Louisiana Coastal Protection and Restoration Authority

Lower Barataria Basin and Lower Breton Sound Sediment Diversion Feasibility Study

Completed 2016
In support of feasibility planning for the construction and operation of a sediment diversion located along the bank of the lower-most Mississippi River, the Institute conducted a series of studies related to site selection using both field-based and numerical methods. Diversion site selection was based on multi-criteria analyses, such as land building potential and impact to natural ecosystem services and fisheries. Studies were conducted using a diverse range of methodologies including environmental monitoring reliant on the deployment of fixed-station instruments and vessel-based sensors and hydrodynamic and sediment transport modeling.

The Challenge

Diversion site selection required new in-depth knowledge of the morphodynamic and water constituent transport properties in both the lower river system and within the surrounding estuaries and marshes. The Institute developed multi-dimensional morphodynamic models using the Delft3D platform covering the river channel, receiving basins, and diversion channels at multiple resolutions and time scales. To calibrate the modeled land building processes, in the absence of any currently operational diversion structure in a coastal environment, a high-resolution morphodynamic model was developed and parameterized using an analogous existing uncontrolled diversion (i.e., the West Bay diversion located 5 miles upstream of the Mississippi River ‘Head of Passes’). A high-resolution computational fluid dynamics (CFD) model was developed of the analogue diversion to explore the control of sediment transport patterns through the diversion channel and receiving basin. In additional to evaluating land building potential and the environmental effects, numerical modeling was used to explore the predicted hydraulic environment in and around diversion inlet and outfall structures and their potential impact on local reach-scale sediment erosion and deposition.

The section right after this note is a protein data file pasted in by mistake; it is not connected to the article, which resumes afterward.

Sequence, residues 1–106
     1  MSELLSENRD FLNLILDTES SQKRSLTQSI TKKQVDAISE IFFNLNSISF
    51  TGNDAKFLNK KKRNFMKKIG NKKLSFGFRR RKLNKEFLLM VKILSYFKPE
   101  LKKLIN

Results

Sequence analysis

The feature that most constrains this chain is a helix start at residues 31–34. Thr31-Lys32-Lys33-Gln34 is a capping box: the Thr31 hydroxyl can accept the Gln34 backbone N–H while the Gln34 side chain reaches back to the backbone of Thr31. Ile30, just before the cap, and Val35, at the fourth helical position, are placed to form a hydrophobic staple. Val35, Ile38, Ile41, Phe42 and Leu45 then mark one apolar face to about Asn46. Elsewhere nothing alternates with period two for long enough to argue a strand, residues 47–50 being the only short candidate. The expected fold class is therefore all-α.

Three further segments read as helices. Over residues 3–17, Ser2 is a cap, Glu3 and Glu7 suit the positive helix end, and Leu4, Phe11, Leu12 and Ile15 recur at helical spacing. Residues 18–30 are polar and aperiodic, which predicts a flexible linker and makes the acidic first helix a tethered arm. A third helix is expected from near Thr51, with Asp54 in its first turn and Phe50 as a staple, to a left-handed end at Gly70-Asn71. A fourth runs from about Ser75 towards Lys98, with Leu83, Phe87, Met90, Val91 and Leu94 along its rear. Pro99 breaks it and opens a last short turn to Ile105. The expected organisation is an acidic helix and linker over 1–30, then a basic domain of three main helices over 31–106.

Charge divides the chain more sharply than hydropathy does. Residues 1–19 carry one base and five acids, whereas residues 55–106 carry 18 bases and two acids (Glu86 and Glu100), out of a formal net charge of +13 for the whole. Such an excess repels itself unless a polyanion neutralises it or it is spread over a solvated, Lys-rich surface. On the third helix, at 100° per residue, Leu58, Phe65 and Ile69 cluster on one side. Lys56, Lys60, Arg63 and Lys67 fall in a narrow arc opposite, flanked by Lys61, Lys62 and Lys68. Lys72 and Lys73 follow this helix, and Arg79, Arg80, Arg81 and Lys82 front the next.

The Approach

Field data collection in support of this project included monitoring a range of processes (e.g., flow velocities, sediment transport, turbidity, salinity) distributed through a range of complex environments. Sediment tracer particles were employed to monitor how river sediment was diverted through the diversion analogue and advected through the downstream receiving-basin. Receiving basin bathymetry was characterized using multiple integrated methods of data collection (e.g., multibeam sonar, terrestrial RTK GPS survey, airboat-mounted LiDAR) in response to the vast range of water depths that were present which stymied traditional survey methods.